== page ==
The binding affinity assay was performed using the bivalent ligands, 20a–20b, with 4 and 6 polyethylene glycol units, respectively, along with their monovalent ligands, 21a–21b. As expected, the bivalent ligands, 20a–20b, showed moderate binding for the A1 receptor and D1 receptor, while the monovalent control ligands, 21a–21b, showed moderate binding for the A1 receptor. However, there was no correlation between linker length and binding affinity for the bivalent ligands, 20a–20b. It is possible that the high flexibility of the PEG linker could explain this phenomenon. The affinities for A1R was 10–100 times higher for bivalent ligands compared with their monovalent controls. These results are summarized in Table 2.

Measurement of FRET efficiency in HEK293 cells

FRET technology detects protein-protein interactions in live cells with high sensitivity. The adenosine A1 receptor and dopaminergic D1 receptor form heterodimers when co-localized. This experiment employed FRET technology to screen for compounds that promote the formation of A1R and D1R heterodimers.

As shown in Figure 2, A1YFP+D1CFP represents the cells transfected with either A1YFP or D1CFP, set as the negative control. CFPYFP represents the positive control. A1YFP/D1CFP indicates the cells co-transfected with both D1-CFP and A1-YFP. Plates were read 48 h after the transfection was finished. Parameters of the spectrophotometer were set according to the manual.

FRET efficiency values were obtained from the positive control, in which the cells co-transfected with A1YFP/D1CFP differed significantly compared to the negative control group (cells transfected with either A1YFP or D1CFP, P<0.01). Similar significant differences in the FRET efficiency values were also detected in cells treated with 100 nmol/L 20a, 1 μmol/L 20a or 100 nmol/L 20b compared to the negative control cells. These results indicate that the bivalent ligands, 20a–20b, increased the heterodimerization of the A1 receptor and D1 receptor to a higher extent than the monovalent control ligands, 21a–21b. It was consistent with that of the receptor binding assay.

Ligand docking studies

A docking experiment was performed to confirm the length of the linker and the bivalent ligand binding mode. The A1–D1 heterodimer interface was searched by ZDOCK and checked manually based on the ZDOCK score and associated bioinformatics data. Tarakanov and Fuxe deduced a set of triplets that may be responsible for receptor-receptor interactions28,29. Leucine-rich motifs, one type of these triplets, are charged residues that may serve as an 'adhesive guide' for the formation of strong bonds between the amino acids of two receptors. As seen in Figure 3, the homology triplets, ILS and AAV, exist in helix 4 of A1 and helix 1 of D1. Combined with the docking rank, we established a heterodimer model with the interface of helixes 3, 4, and 5 of the A1 receptor and helixes 1, 6, and 7 from the D1 receptor (Figure 4). The distance between the two ligand binding sites in this heterodimer model is approximately 48.4 Å, which is shorter than the length of the bivalent ligands. The linker of 20b was manually added to the docked ligands in the heterodimer model and minimized with Sybyl tools. As shown in Figure 4, the linker tightly interacts with ECL2 and ECL1 of the A1 receptor and D1 receptor. Moreover, the oxygen atoms on the PEG linker form polar interactions with the polar residues on the extracellular loops of the heterodimer, which enhances the binding ability of the bivalent ligand to the heterodimer. The ligand docking studies verify that the bivalent ligand binds to both binding sites in the heterodimer.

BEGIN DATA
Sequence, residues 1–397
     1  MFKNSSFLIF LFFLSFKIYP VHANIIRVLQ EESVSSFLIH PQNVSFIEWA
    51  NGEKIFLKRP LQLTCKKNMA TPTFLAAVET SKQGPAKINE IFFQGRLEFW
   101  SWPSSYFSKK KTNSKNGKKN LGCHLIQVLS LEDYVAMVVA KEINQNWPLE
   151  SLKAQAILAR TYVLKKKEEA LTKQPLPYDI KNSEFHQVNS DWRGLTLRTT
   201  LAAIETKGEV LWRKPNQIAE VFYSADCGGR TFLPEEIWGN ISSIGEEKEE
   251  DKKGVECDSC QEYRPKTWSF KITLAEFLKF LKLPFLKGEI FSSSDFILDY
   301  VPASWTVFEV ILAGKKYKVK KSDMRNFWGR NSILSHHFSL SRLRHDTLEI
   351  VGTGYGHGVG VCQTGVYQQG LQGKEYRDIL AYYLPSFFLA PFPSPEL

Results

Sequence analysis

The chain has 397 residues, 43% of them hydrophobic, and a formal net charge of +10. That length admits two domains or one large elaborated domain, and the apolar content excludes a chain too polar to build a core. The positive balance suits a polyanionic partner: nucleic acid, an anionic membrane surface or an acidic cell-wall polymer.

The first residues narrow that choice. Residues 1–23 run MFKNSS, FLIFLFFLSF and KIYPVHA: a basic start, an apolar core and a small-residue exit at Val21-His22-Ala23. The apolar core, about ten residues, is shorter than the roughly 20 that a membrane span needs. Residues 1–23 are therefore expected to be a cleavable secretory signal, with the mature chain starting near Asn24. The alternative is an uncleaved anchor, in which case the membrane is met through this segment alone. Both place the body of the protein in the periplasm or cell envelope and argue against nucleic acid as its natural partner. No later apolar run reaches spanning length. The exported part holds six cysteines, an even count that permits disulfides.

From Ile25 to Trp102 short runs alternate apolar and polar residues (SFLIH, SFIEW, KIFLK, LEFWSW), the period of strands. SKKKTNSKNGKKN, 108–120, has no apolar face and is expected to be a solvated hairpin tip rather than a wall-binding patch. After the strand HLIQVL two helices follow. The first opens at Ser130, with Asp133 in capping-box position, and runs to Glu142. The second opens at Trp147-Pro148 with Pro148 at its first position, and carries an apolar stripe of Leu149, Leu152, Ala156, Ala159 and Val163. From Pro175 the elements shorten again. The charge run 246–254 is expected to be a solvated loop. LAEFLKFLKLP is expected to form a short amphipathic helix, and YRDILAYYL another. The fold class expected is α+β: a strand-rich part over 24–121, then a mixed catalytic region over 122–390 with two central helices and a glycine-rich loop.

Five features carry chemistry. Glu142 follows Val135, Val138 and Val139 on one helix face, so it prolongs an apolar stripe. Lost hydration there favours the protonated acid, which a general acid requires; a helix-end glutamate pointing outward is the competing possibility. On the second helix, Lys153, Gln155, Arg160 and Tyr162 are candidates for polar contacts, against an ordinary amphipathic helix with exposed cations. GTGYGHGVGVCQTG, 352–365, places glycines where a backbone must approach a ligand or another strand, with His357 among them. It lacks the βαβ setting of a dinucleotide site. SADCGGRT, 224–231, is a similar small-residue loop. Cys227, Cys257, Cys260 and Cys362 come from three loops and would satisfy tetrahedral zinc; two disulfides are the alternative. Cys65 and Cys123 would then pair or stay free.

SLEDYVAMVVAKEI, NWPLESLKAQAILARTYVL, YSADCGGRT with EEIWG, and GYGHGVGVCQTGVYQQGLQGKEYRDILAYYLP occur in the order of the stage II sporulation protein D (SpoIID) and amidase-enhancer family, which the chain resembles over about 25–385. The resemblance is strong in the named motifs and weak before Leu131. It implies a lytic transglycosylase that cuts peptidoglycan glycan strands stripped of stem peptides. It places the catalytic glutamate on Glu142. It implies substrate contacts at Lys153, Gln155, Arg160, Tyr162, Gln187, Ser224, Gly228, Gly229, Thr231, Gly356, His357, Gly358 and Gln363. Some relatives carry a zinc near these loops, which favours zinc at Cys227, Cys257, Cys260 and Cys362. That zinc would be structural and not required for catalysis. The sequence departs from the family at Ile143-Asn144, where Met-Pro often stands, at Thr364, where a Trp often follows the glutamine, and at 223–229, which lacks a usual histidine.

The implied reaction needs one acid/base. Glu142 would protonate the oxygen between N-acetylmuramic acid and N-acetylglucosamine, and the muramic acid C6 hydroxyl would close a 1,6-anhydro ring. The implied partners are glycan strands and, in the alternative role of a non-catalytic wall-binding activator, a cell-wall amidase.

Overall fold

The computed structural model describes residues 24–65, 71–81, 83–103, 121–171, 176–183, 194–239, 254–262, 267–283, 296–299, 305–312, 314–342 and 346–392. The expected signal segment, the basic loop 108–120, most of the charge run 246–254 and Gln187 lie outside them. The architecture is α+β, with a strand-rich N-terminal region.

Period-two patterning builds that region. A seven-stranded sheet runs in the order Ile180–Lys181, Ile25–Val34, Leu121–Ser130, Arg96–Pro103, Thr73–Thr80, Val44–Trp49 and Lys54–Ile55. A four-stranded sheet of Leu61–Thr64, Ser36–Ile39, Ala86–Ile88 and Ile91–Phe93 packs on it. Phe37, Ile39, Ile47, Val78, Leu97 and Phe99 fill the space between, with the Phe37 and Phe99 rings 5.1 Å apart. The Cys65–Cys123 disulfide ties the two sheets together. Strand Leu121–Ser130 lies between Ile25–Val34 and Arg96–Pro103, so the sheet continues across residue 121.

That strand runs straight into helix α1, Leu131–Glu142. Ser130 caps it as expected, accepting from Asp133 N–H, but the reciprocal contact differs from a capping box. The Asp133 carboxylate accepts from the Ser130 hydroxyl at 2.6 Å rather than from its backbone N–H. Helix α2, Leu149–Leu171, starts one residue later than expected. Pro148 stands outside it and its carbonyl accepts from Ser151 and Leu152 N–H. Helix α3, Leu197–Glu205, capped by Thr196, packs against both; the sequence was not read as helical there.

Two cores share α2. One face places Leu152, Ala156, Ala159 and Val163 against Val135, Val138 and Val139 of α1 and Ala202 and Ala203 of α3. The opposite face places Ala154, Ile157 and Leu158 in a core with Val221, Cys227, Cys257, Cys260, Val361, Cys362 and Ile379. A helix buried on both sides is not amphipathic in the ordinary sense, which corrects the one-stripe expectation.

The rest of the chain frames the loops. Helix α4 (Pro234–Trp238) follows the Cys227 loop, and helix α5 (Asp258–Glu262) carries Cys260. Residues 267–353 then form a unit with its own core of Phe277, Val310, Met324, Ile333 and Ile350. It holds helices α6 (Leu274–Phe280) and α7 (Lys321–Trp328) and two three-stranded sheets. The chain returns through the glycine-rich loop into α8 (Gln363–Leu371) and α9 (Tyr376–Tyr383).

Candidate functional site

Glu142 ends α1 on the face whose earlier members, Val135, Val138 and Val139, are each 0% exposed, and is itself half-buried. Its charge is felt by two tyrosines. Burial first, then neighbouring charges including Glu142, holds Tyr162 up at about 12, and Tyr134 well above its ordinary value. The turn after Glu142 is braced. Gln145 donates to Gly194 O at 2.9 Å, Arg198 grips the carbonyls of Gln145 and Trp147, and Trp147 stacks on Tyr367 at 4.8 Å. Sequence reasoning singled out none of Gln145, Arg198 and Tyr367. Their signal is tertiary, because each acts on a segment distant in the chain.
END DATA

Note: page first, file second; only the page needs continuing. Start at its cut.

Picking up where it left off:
Discussion

According to the binding assay results shown in Table 2, bivalent ligands 20a–20b showed moderate binding for the A1 and D1 receptors, while monovalent control ligands 21a–21b only showed moderate binding for the A1 receptor. The affinity for A1R was 10–100 times higher for bivalent ligands compared with their monovalent controls. One possible reason for this phenomenon is conformational crosstalk within one receptor protomer or modulation of the interaction between two protomers of a receptor dimer induced by positive cooperativity. Positive cooperativity can also be induced when bivalent ligands bind two adjacent binding sites of A1–D1 receptor heteromers because binding of the second pharmacophore is significantly accelerated due to the vicinity of ligand, thus facilitating local concentration enrichment. As a result, a bivalent ligand that binds to D1R may subsequently have a higher affinity with A1R located in the near vicinity compared to the corresponding A1R monovalent ligand9,30. These data indicate the specific interaction of these bivalent ligands with A1–D1 receptor heteromers and suggest that these ligands could be useful as pharmacological tools to detect receptor heteromers in native tissue.